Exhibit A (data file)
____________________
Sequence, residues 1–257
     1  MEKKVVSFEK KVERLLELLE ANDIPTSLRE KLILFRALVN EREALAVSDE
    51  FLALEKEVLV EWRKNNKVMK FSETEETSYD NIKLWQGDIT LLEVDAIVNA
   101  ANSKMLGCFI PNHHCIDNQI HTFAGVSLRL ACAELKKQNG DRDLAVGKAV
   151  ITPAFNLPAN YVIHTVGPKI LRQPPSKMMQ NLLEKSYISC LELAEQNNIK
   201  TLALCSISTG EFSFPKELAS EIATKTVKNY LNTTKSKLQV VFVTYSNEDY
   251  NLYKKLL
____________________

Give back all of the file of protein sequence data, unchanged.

Sequence, residues 1–257
     1  MEKKVVSFEK KVERLLELLE ANDIPTSLRE KLILFRALVN EREALAVSDE
    51  FLALEKEVLV EWRKNNKVMK FSETEETSYD NIKLWQGDIT LLEVDAIVNA
   101  ANSKMLGCFI PNHHCIDNQI HTFAGVSLRL ACAELKKQNG DRDLAVGKAV
   151  ITPAFNLPAN YVIHTVGPKI LRQPPSKMMQ NLLEKSYISC LELAEQNNIK
   201  TLALCSISTG EFSFPKELAS EIATKTVKNY LNTTKSKLQV VFVTYSNEDY
   251  NLYKKLL